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The US Olympic team is set and the US Trials ended up being a tour de force of one of the most monstrous athletic teams our nation has ever assembled. The ten-day-long event was filled with impressive performances, entertaining human interest stories, and even solid commentary from our NBC anchors. I had a lot of fun with this and my blog got a bump in traffic after I perfectly predicted the finishing order in the men’s 10k, so I figured a follow-up post was appropriate.

My Picks

First, I’ll walk through the scoring of my predictions. I only provided selections for the men’s track events. We’ll be using the LetsRun scoring system.

Each person that you correctly pick to finish in the top 3 = 1 point.

It doesn’t matter if you actually get the pick exactly right. If you pick someone for 1st and they finish 3rd you still get the point. Vice versa is true as well. If you pick them to get third and they get third, it’s still only one point.
Each event winner picked correctly = 3 more points (you pick someone for first and they get first, that’s 4 total points).
Each event picked perfectly – All three picks: 1st, 2nd, and 3rd in the right order = 2 more points (here the order is key).



1. Trayvon Bromell
2. Fred Kerley
3. Noah Lyles

Actual: Bromell, Baker, Kerley

Points: 5


1. Laird (LSU)
2. Lyles
3. Norman

Actual: Knighton, Lyles, Bednarek

Points: 1


1. Michael Norman
2. Randolph Ross (NC A&T)
3. Noah Williams (LSU)

Actual: Norman, Cherry, Ross

Points: 5


1. Bryce Hoppel
2. Isaiah Jewett
3. Donovan Brazier

Actual: Murphy, Jewett, Hoppel

Points: 2


1. Centro
2. Hocker (Oregon)
3. Brazier

Actual: Hocker, Centro, Nuguese

Points: 2


1. Grant Fischer
2. Cooper Teare
3. Eric Jenkins

Actual: Chelimo, Fisher, Kincaid

Points: 1

10000m — Perfect Selection

1. Woody Kincaid
2. Grant Fisher
3. Joe Klecker

Actual: Kincaid, Fisher, Klecker

Points: 8

110m Hurdles

1. Grant Holloway
2. No strong opinion
3. No opinion whatsoever

Actual: Holloway, Allen, Roberts

Points: 3

400m Hurdles

1. Rai Benjamin
2. Squirrel (LSU)
3. Trevor Bassitt

Actual: Benjamin, Selmon, Kendziera

Points: 3

Total Points: 30 / 72; Comment: I made some excellent picks

Women’s Breakdown

I didn’t cover the women’s field at all in my original post but I did end up watching most of the races, so I’ll provide my retrospective thoughts now.

First of all, and this is a general note since she Allyson ran in two events: the Allyson Felix hype came at the expense of other athletes who were running lifetime bests and arriving on the big stage for the first time. It rubbed me the wrong way. The announcers fawned over her being a mother to the point that it was disturbing. NBC needs to make bets on athletes being marketable but I don’t really think this was a good bet.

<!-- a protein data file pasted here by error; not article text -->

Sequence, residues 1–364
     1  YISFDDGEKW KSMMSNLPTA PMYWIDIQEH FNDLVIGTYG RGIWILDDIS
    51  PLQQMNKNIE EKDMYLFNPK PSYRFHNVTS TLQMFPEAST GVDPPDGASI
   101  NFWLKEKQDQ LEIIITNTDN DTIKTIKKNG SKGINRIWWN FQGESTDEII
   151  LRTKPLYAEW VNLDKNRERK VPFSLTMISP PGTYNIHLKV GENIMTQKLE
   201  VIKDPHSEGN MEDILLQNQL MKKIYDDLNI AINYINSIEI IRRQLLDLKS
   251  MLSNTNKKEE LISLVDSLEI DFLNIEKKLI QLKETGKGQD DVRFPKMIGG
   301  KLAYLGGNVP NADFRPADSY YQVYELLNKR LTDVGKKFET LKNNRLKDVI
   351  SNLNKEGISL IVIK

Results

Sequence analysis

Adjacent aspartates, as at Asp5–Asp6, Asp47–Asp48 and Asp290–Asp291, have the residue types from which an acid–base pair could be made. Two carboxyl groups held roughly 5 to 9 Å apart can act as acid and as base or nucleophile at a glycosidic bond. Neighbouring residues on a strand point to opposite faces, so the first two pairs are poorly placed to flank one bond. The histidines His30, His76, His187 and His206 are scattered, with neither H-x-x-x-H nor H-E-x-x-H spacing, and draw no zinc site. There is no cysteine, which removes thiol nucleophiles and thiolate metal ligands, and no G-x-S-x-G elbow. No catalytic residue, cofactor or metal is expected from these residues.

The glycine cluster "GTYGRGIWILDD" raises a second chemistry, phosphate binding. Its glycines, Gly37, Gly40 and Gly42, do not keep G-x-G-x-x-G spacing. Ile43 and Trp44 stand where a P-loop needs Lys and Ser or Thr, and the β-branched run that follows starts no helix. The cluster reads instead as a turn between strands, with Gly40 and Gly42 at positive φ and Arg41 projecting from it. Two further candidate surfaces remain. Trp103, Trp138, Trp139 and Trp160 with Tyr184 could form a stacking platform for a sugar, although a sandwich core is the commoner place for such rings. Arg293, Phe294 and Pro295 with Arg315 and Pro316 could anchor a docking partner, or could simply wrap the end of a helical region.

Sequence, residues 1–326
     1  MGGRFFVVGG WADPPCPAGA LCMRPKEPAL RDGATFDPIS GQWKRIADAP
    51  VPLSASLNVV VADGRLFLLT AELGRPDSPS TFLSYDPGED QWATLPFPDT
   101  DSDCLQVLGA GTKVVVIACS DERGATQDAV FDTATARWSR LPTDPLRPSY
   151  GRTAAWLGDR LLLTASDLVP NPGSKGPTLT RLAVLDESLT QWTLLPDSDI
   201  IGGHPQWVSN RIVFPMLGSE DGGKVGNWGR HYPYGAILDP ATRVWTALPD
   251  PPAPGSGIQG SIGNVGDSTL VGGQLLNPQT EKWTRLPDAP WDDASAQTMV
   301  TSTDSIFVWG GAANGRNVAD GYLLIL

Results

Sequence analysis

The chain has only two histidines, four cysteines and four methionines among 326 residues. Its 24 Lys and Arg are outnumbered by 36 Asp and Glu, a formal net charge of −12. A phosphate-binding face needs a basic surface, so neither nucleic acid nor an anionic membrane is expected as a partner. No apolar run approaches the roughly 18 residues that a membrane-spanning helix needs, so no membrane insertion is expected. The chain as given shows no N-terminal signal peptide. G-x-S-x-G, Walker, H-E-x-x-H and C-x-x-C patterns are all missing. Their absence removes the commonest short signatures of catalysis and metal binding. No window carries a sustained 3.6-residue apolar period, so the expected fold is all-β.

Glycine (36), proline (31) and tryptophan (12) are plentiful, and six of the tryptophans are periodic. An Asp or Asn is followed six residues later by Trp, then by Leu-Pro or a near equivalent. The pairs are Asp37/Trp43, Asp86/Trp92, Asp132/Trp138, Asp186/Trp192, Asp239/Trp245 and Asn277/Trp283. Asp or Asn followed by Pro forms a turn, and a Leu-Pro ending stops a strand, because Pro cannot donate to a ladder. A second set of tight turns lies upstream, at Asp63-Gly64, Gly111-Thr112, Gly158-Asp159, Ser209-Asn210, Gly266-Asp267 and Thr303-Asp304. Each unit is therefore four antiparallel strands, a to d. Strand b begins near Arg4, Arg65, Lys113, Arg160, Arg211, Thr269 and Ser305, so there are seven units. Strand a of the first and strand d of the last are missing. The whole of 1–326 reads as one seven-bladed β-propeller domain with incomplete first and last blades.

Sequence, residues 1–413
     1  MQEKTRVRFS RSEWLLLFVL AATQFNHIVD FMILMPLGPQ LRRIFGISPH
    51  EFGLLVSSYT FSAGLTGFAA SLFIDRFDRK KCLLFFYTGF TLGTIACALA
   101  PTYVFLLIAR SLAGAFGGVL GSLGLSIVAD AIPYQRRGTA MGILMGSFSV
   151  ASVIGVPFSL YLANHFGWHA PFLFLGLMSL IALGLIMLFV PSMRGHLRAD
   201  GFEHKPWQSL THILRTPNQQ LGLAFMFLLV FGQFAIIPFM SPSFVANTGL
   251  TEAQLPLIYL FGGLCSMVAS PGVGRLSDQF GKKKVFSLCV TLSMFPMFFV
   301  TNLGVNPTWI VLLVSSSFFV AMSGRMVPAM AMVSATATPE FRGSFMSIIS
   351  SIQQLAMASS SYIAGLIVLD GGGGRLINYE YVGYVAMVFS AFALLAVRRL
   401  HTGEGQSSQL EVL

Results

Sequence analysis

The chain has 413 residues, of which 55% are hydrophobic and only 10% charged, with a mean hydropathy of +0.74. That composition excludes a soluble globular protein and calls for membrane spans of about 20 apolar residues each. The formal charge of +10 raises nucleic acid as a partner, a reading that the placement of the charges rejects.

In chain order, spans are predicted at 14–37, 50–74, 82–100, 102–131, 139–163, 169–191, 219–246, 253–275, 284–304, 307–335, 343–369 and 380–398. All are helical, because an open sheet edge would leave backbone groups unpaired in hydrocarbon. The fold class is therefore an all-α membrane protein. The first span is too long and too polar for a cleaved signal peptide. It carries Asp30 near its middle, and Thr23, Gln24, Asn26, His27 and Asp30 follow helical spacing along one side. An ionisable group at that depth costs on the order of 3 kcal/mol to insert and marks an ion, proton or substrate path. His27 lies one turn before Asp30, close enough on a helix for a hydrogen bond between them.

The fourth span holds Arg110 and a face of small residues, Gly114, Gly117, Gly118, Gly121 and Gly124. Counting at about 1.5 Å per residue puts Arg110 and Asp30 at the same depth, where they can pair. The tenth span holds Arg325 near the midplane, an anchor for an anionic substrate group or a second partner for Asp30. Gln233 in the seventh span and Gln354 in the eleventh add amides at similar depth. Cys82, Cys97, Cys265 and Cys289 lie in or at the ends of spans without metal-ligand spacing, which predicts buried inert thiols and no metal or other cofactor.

Women’s 100m

Sha’Carri Richardson gets redemption over her 2019 WC trials performance. She is the real deal now and will soon be drowning in endorsement money but her behavior is over the top. She just seems angry all the time with some type of attitude that there is actually a vocal group of doubters out there. Which, aside from the fact she aligned with a coach who had a doping past, there really isn’t any doubt–locally, nationally, internationally. She’s an obvious pick to be an Olympic medalist. After she won the final, there was a revelation that her “biological” mother had recently died, which made criticizing her attitude a bit taboo.

She has already started to penetrate social media platforms and gain exposure in circles that know nothing about track and field. Case in point, I saw a post on LinkedIn where a guy used her as a model of why rank-and-file employees should be comfortable having exposed tattoos, primary-colored hair, and long nails.

Not sure if that guy has ever heard of an “occupational hazard,” but the fact that a coach hasn’t succeeded in getting Sha’Carri to trim her comically long nails suggests that she is probably not fun to be around when she doesn’t get her way.

Women’s 200m

The NBC announcers called it perfectly after the semis. It was a race for 3rd behind Thomas and Prandini. Gabby Thomas blasted to a world lead and all-time beastly performance. Prandini was excellent. Cambria Sturgess was expected to do damage but she didn’t even make the final. Instead, the third spot was earned by Anavia Battle from Ohio State. Allyson Felix put in a solid performance to finish 5th, it would have been a long shot for her to make the team and, if I remember correctly, the 200-400 double is not possible for women anyway.

Women’s 400m

Wow, these women are exceptionally fast. My first thought was why the hell didn’t Athing Mu go for the 400m-800m double? The conspiracy theory is that there was a behind-the-scenes deal to give Felix one last shot at making the team. However, it’s plausible that Athing, though she exudes confidence in her interviews and race performances, didn’t want to risk giving up Olympic gold in the 800m just to risk losing out to a doper (Naser, etc) in the 400m. Fine, but still should have tried both at the US Trials.

Wadeline Jonathas is cool. With all the baby craziness, she was cheated out of the spotlight a bit. This was a painful post-race to watch.

Women’s 800m

Michaela Meyer–wow. When you consider that she’s coming straight off an NCAA title and that doesn’t match the prototype of elite American 800m runners at all, her getting 4th place here was magical and completely unexpected. Perfect tactics, excellent race. There is a pro contract in your future.

Athing Mu pretty obviously cut early and caused a runner to fall down. In international competition, that would definitely have resulted in a DQ. A minor blemish on what was a dominant performance. It’s hard to look at Mu run and not think about her eventually taking down multiple women’s world records, including from dopers! People are already talking about her showing up to the 400mIH. Imaginations are running wild.